The Food and Drug Administration (FDA) has asked for more children to participate in Wuhan coronavirus (COVID-19) vaccine trials. It explained the trials will determine if cases of cardiac inflammation are common among younger groups. The FDA reached out to Pfizer and Moderna, whose mRNA vaccines were linked to the side effect, for this purpose.
According to the New York Times (NYT), the FDA asked Pfizer and Moderna to expand their COVID-19 vaccine trials. It specifically requested that the vaccine trials include at least 3,000 children aged five to 11 years old. The expanded trials would help regulators better understand the potential side effects from the two companies' mRNA vaccines in younger populations, the report added.
The NYT report also said Pfizer is also in talks to include younger children in its vaccine trials. A spokesperson for the company said it has no updates to its previous trial timelines or details. The New York-based drug firm earlier announced its plan to enroll around 4,500 children between six months and 11 years old at more than 90 clinical trial sites. However, the size of the group aged five to 11 years old remained unclear.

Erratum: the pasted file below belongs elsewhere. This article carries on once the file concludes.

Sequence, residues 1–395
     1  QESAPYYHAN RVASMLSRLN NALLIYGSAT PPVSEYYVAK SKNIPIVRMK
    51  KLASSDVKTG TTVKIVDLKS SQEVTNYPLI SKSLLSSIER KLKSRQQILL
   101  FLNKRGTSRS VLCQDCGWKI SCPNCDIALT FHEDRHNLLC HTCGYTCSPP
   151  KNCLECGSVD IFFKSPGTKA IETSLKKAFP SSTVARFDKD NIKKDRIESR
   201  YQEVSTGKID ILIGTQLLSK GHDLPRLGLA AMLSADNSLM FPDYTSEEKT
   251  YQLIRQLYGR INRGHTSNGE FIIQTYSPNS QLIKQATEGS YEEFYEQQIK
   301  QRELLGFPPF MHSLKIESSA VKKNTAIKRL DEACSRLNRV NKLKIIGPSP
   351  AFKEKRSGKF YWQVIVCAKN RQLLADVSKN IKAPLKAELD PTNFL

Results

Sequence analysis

Meanwhile, a Moderna spokesperson told The Washington Post that the company is "actively discussing a proposal" with the FDA to expand its vaccine trial. The proposal strived to "enroll a larger safety database which increases the likelihood of detecting rarer events." The spokesperson for the Massachusetts-based firm added that a final number for the trial's size has yet to be determined.